Nothing makes a dinner more special than a fresh bottle of wine or the occasional bubbles of champagne. There are only so many corks you can keep or repurpose into cute crafts. Cork is a natural material that is 100% biodegradable, and it’s perfect for your compost bin. However, the plastic composite “new” corks are NOT compostable, so be sure only to toss natural cork into your compost bin.

11. Wood Ashes

Some people enjoy the primitive joys of cooking over a wood stove. You may also use hardwood in your grill or smoker.

The leftover ashes can be composted with your kitchen scraps to balance the alkalinity versus acidity of the mix. Just be sure not to compost charcoal ash, as it receives chemical treatments by the manufacturer–and that’s bad for the health of your compost pile.

You Cannot Compost These Six Kitchen Scraps

Once you get into the habit of composting these ordinary kitchen scraps, you may wonder what other things in your kitchen you can add. These are some items that should never go into your compost bin:

1. Meat or Bones

While meat is organic and biodegradable, it’s not suitable for making compost. Most compost bins don’t generate enough heat to destroy any possible pathogens in the rotting meat. Plus, the scent of beef is bound to attract unwanted vermin to your yard.

2. Dairy Products

If your kitchen scraps include expired milk, cheese, or other dairy products, don’t compost them. Since these are also animal products, avoid mixing them into your compost bin. They could add a stray bacteria or pathogen that could be harmful to your developing fertilizer and draw pests.

3. Fruits and Veggie Exceptions

Live earthworms work magic in a compost bin by breaking down the waste and providing nutrient-rich castings. Citrus fruit, onions, and garlic are acidic and can raise the balance of the compost. Acidic soil is detrimental to the earthworms, so toss these fruits and veggies.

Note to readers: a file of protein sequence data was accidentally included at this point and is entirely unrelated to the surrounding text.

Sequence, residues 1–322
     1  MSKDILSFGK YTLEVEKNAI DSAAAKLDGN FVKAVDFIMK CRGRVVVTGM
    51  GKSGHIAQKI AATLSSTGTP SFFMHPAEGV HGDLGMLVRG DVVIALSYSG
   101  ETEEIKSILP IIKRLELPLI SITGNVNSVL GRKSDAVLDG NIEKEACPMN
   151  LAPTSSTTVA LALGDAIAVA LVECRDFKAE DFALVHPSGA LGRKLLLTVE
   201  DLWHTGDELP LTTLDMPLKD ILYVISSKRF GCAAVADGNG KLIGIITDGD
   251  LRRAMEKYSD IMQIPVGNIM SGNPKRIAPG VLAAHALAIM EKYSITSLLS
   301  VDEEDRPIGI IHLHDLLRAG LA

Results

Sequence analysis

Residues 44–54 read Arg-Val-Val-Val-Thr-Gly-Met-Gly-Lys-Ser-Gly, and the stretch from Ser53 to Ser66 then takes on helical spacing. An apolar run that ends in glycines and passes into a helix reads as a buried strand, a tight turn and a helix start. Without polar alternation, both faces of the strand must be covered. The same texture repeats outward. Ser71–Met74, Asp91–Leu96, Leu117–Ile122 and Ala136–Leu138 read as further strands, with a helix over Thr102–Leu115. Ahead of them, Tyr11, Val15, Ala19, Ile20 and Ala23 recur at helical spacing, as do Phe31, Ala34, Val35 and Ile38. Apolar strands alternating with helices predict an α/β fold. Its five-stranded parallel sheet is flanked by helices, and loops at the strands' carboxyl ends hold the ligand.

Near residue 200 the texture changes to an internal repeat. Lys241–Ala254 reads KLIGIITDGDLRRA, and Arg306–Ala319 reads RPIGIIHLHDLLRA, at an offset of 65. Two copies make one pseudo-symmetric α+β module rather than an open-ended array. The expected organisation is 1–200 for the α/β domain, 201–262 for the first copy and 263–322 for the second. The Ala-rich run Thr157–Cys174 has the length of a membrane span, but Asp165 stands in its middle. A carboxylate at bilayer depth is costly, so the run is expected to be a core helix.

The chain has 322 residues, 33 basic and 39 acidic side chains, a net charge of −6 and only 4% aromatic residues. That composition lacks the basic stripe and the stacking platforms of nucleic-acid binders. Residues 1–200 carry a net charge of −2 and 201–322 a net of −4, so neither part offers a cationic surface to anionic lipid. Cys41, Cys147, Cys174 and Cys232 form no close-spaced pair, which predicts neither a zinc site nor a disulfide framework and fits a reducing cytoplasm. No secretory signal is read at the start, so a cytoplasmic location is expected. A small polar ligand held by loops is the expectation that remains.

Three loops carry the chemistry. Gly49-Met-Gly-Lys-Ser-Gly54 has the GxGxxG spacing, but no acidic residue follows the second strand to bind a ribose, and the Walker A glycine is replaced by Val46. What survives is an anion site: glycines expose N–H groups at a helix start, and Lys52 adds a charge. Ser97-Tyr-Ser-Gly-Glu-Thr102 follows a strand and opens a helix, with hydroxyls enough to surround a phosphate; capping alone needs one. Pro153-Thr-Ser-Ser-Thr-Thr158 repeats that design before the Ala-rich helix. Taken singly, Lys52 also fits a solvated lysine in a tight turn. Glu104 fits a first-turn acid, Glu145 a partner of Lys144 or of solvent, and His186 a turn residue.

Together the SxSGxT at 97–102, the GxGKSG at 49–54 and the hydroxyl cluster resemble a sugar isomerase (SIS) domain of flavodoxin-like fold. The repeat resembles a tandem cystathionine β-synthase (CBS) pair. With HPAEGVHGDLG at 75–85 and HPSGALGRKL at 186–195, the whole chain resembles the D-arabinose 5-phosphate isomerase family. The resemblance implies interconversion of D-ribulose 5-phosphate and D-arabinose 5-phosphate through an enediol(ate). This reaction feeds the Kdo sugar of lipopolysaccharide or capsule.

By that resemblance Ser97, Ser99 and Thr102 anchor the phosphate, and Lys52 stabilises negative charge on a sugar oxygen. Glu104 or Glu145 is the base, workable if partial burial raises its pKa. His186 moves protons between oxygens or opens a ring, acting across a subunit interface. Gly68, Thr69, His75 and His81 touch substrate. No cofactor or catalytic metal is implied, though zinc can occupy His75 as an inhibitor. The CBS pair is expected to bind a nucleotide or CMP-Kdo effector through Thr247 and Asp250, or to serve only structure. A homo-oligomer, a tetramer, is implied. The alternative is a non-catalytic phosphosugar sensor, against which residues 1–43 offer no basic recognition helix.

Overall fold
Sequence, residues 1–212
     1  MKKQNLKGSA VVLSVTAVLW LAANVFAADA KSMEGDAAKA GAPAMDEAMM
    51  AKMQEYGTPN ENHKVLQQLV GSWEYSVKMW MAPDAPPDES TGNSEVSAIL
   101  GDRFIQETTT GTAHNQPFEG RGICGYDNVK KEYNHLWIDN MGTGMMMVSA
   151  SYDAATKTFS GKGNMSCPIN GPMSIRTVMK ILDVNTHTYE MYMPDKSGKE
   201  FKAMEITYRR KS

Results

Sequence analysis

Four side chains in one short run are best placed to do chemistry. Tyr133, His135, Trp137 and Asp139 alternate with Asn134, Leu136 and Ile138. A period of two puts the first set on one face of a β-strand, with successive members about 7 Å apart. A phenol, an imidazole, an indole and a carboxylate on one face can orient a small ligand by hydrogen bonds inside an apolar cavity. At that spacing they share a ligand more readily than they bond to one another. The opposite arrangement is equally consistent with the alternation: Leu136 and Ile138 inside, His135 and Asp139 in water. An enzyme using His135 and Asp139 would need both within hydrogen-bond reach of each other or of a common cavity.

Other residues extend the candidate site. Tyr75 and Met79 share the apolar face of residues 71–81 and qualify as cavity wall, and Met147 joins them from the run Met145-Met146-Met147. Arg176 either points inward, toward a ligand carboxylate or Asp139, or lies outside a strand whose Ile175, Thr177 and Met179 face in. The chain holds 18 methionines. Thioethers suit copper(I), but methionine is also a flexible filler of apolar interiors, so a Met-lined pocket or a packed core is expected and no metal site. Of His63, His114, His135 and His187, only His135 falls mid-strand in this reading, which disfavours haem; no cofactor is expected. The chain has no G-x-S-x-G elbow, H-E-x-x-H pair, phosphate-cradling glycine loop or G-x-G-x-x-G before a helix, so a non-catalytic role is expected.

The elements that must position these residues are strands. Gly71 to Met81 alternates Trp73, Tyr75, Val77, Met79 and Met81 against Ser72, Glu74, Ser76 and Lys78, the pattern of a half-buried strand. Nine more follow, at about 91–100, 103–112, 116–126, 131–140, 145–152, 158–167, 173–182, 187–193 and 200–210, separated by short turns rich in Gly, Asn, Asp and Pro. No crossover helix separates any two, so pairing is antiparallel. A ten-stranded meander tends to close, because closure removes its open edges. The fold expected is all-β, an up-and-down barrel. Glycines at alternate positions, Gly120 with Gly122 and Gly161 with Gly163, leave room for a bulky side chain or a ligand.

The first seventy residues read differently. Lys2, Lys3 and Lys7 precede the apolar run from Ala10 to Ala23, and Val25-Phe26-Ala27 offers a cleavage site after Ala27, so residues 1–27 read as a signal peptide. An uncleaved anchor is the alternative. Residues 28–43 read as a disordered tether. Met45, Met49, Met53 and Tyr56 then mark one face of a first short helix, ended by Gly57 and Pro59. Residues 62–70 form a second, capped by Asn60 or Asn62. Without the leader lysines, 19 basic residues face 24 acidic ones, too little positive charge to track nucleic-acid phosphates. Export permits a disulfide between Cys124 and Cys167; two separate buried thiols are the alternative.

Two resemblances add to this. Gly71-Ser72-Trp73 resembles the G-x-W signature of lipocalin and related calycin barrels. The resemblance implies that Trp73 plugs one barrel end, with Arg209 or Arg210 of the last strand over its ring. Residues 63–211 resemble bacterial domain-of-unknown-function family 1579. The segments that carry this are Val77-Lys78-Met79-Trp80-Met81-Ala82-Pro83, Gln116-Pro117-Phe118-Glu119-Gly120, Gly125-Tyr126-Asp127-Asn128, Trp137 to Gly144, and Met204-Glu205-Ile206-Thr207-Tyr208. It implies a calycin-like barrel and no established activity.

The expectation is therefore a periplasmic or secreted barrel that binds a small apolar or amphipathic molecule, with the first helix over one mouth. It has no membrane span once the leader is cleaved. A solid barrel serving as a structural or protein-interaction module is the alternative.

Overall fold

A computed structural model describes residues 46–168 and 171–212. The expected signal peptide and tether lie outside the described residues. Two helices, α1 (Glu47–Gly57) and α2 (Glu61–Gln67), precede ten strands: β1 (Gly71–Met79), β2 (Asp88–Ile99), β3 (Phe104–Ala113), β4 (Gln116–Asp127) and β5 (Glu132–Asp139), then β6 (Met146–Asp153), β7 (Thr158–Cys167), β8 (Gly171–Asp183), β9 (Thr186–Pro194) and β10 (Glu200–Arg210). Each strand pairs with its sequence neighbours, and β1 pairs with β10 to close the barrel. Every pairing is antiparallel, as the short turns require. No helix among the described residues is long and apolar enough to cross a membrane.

4. Cooking Oils

There’s a good reason why restaurants send used cooking oil to be recycled rather than composted. Your compost pile requires water to mature correctly, and the oil ruins the moisture balance. The same goes for oily foods like condiments, salad dressings, and even peanut butter.

5. Grains and Baked Goods

Whole grains may be delicious and nutritious for you, but they aren’t good for your compost pile. When mixed with your composting kitchen scraps, they may produce bacteria that are harmful to the process. Another reason to pitch them is that grains and baked goods tempt rodents and other pests.

6. Plastic Wrap and Packaging

Many food manufacturers have developed “biodegradable” packaging and cellophane for their products. What they fail to mention is that most of these are only biodegradable on an industrial level. Unless the packaging is specifically labeled as “home biodegradable,” consider the possibility of recycling instead.

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Final Thoughts on Composting Kitchen Scraps

The process of decomposing and renewal is perpetual. Your garden and yard can reap the benefits of simple composting. You’ll have nutrient-rich compost for almost nothing, and you’ll be a good steward of the environment.